Williams also visited victims of abuse and invited Make-A-Wish children to come on set with him, always making sure no press was around to see him do it.
“He had this horrible fear of people thinking he was trying to capitalize on something,” Steinberg said.
Williams had the same fears on his USO tours, Steinberg said.
“He didn’t want to appear as the Bob Hope for the Middle East wars,” he said.
When Black went to Iraq with Williams for their first USO tour, Williams read an entire book about the history of Iraq to prepare. Williams spent part of the trip giving people history lessons, quoting direct facts and lines from the book.
In that moment, Black realized Williams had a photographic memory, a fact he uses to debunk myths that Williams stole stand-up material throughout his career.
“He was so fast that he couldn’t have thought about it,” Black said. “I think people have wrongly accused him of that and at least in my time with him, I don’t think that was even close to being the case.”
Bennington said it was important to note that Williams was against war, but still chose to support the soldiers unconditionally.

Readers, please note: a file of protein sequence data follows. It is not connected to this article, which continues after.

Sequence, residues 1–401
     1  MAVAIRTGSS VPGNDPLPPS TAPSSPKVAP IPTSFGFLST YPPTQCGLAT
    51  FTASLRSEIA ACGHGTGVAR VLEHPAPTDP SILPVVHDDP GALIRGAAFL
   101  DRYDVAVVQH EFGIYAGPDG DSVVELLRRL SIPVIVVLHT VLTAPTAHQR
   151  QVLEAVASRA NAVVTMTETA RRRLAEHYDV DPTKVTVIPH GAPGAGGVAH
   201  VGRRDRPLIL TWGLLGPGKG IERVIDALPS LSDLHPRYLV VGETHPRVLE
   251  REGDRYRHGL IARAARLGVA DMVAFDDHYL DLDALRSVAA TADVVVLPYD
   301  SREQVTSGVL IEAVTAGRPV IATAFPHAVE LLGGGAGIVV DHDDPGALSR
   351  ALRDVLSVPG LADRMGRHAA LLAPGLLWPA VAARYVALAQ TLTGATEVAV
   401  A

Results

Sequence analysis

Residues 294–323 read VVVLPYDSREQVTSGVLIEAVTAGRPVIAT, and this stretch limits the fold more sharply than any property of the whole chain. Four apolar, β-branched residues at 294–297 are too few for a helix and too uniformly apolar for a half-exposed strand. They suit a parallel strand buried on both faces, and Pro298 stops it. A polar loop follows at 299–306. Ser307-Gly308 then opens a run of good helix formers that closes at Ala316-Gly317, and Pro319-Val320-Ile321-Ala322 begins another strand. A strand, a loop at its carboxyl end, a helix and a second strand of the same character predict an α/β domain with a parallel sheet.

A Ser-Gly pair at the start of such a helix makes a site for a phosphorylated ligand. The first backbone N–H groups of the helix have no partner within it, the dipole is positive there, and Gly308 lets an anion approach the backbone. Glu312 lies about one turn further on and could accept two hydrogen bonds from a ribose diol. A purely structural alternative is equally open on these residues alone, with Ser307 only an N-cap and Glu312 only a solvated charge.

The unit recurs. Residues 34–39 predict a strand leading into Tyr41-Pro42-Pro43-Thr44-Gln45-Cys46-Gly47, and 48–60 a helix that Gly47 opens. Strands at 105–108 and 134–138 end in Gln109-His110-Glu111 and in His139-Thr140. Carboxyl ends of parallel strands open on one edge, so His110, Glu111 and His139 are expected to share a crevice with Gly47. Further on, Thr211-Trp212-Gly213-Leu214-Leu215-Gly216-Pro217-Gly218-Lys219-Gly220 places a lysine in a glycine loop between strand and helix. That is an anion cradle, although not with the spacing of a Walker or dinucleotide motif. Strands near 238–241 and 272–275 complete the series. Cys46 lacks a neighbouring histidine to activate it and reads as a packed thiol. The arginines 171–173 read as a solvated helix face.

“You cannot be against the troops, and be against the war,” Bennington said.
On the tours, Williams wouldn’t go to sleep until he shook the hand of every soldier on the base.
“It’s the level of commitment that these soldiers have, that’s the loneliest job there is,” Steinberg said. “It’s a horrible moment when you are pulling out of these bases and you’re leaving and they’re waving goodbye, and you know they’re staying. Those were the toughest moments for me.”
Black said it was the commitment of the soldiers to one another that struck him the most.
“If the American people had 3% of the commitment to each other that the troops have to each other on a daily basis, we would have no problems whatsoever,” Black said.
As the panel reflected on the laughs and life of Williams, who died by suicide in his California home on Aug. 11, 2014, Bennington noted the discussion also served as a reflection of Steinberg’s work.
“Good management is a nice thing to have, genius is a better thing to have,” Steinberg said. “The place where most guys, who do what I do, make that mistake is they forget which one is the genius.”
Williams was “utter magic,” portraying a genie, a scientist, a nanny, a teacher, among other iconic characters — a repertoire he developed, Steinberg said, because he was “fearless.”
“Robin spent his entire personal life and public life on a tightrope; he loved pushing the envelope,” Steinberg said. “Nothing in the world scared him. If he was asked to do something as an actor, he would always ask to do more. The thought of failure intrigued him and he was always fighting against that.”